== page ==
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FoodDo you know what dry wine is and why it is called...

Do you know what dry wine is and why it is called so?

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Gaston de Persigny
Gaston de Persigny
Gaston de Persigny - Reporter at The European Times News

What do you initially pay attention to when choosing a wine? First, as a rule, the color is white or red, and then the most important thing is whether it is dry or sweet. If everything is clear with sweets, then the term “dry” – why it is so called.

Let’s find out

Everyone has tried grapes and knows how sweet they are, and the amount of carbohydrates is generally comparable to chocolate. This is because berries are high in natural sugars. In the process of converting grape juice into wine, yeast turns it into ethanol. If the winemaker’s goal is sweet wine, the fermentation is stopped before the yeast has turned it into sugar. This is how port wines are made, for example, they are fortified with grape alcohol and about half of the sugar remains in the drink. If the goal is to create dry wine, the fermentation is not interrupted and all the sugar is converted into alcohol. But this does not mean that the wine will be high in alcohol, less sweet grapes are used to make it. It turns out that “dry” is a wine with a minimum amount of residual sugar and this term is accepted in all countries, it is just accepted. When choosing for yourself, look for varieties – zinfandel, primitive, nutmeg, vionia, gewürztraminer. These are the most popular dry wines, they are in the vast majority on store shelves, so lovers of semi-sweet have a great choice.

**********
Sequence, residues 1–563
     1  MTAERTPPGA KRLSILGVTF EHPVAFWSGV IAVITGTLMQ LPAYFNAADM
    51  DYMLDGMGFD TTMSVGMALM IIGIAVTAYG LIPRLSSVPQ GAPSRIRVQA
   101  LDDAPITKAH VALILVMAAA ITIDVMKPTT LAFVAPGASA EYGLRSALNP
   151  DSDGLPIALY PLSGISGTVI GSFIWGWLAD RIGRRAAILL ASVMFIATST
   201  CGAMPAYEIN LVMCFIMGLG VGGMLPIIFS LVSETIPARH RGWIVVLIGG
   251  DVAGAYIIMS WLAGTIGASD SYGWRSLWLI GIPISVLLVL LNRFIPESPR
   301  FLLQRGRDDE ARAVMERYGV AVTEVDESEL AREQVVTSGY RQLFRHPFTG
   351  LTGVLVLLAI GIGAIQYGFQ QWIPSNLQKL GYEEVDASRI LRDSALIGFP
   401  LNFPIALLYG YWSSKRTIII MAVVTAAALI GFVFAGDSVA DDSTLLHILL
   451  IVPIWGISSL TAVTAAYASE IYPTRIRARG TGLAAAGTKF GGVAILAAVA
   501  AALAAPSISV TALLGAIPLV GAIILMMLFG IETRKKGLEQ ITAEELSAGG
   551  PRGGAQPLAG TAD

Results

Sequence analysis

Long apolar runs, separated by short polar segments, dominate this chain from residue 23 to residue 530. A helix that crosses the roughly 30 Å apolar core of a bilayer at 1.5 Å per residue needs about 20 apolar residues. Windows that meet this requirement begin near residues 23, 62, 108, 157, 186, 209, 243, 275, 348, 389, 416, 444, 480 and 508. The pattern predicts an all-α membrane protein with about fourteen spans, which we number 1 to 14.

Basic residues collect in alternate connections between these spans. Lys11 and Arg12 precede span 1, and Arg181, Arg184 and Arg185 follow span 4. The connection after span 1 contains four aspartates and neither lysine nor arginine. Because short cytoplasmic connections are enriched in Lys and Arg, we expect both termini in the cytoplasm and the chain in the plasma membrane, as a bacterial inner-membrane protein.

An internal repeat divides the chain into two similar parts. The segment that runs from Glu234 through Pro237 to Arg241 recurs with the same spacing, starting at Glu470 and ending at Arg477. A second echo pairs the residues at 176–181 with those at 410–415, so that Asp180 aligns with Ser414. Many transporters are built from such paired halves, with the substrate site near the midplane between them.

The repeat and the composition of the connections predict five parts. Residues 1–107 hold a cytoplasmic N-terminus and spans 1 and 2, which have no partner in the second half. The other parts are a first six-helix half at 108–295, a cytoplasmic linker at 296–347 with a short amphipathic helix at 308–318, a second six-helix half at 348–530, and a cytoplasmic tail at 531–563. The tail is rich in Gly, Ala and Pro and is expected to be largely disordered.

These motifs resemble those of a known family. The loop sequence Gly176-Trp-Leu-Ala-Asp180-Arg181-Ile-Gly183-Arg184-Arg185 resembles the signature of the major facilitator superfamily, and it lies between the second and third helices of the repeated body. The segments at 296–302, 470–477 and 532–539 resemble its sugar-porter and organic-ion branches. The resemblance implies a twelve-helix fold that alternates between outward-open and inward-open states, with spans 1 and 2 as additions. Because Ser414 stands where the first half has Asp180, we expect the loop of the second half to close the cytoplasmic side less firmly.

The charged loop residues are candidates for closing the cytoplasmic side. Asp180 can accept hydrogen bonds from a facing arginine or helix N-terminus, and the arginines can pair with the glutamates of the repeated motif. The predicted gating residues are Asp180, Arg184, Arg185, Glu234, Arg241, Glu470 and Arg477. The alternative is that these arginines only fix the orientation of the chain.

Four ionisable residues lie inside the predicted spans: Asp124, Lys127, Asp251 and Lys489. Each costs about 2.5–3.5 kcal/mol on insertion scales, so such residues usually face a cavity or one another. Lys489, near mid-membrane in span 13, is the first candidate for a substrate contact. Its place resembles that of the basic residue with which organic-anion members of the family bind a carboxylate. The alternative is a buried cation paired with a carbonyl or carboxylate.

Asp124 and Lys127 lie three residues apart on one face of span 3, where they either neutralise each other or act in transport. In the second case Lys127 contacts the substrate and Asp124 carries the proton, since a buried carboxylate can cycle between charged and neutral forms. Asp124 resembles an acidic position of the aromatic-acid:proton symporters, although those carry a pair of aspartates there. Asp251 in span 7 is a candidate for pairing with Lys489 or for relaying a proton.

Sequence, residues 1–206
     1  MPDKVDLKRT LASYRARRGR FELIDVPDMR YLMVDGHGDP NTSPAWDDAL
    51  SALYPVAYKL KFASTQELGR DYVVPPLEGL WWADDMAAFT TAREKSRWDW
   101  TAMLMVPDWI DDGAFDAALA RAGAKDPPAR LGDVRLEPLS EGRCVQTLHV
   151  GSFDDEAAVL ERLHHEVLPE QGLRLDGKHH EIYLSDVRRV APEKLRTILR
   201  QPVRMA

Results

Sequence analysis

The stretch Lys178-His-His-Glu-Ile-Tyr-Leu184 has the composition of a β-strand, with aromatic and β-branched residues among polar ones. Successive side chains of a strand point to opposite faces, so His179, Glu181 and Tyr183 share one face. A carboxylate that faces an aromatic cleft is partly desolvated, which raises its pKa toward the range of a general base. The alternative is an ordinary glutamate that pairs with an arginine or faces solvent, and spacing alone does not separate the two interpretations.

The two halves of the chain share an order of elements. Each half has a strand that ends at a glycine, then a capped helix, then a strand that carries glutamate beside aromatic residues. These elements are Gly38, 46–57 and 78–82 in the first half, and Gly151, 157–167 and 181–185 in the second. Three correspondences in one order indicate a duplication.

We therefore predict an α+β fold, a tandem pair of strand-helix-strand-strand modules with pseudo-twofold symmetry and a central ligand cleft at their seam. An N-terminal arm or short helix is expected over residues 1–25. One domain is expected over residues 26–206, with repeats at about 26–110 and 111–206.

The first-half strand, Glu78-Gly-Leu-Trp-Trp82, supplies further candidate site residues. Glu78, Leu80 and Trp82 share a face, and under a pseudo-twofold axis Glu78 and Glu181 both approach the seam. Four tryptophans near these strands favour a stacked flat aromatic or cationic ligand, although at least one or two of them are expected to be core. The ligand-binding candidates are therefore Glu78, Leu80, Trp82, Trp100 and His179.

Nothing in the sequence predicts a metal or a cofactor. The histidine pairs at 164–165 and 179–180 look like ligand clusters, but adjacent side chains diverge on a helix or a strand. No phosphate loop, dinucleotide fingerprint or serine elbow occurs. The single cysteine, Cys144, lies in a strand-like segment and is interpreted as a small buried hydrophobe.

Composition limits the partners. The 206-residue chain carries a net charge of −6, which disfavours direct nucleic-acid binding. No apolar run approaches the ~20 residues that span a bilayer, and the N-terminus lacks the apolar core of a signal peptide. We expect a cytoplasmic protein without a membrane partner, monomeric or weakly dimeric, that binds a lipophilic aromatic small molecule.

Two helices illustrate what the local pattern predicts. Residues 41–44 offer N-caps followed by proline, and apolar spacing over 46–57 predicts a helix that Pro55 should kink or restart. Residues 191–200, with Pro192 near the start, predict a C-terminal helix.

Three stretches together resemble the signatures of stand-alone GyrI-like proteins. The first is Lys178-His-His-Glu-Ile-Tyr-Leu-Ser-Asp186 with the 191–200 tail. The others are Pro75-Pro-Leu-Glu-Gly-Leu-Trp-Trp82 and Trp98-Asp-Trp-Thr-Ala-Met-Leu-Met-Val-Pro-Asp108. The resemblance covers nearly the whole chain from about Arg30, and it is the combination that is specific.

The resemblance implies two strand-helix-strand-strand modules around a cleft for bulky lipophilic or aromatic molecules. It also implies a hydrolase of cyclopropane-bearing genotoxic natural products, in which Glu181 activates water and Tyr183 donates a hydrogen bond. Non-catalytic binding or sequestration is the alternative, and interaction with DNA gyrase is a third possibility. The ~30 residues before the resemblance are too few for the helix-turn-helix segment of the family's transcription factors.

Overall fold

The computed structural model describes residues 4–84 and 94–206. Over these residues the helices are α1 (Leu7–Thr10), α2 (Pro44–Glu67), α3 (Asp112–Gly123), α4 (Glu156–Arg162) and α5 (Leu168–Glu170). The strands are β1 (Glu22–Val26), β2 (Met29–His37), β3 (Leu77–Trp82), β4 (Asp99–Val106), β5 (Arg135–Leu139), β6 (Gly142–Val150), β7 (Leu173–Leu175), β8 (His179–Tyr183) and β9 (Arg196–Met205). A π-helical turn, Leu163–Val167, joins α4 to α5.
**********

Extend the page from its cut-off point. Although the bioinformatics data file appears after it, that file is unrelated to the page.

By standard, the concentration of sugars in dry wines is not more than 4 grams per liter. In the European Union, wine is considered dry if it contains 4-9 grams of sugar per liter. Due to this, many dry wines from Europe, coming to our country, become semi-dry. In order not to make a mistake with the choice, always look at the label how many grams of sugar per liter there are and the amount of carbohydrates, so in time you will find your wine among them.

How about the dry mouth that remains after wine?

Exactly the same astringency you feel after an unripe paradise apple or strong black tea. These are the tannins that create an astringent feeling, add intensity, bitterness and astringency to the taste. These substances are found in wood, bark, leaves and fruits. In grapes they are in the husk, seeds and ridges. If you do not like the astringency of wine, choose white wines. In the production of red wine, the contact of the wine with the skin of the grapes is much longer. In sweet wines, sugar smoothes the astringency caused by tannins

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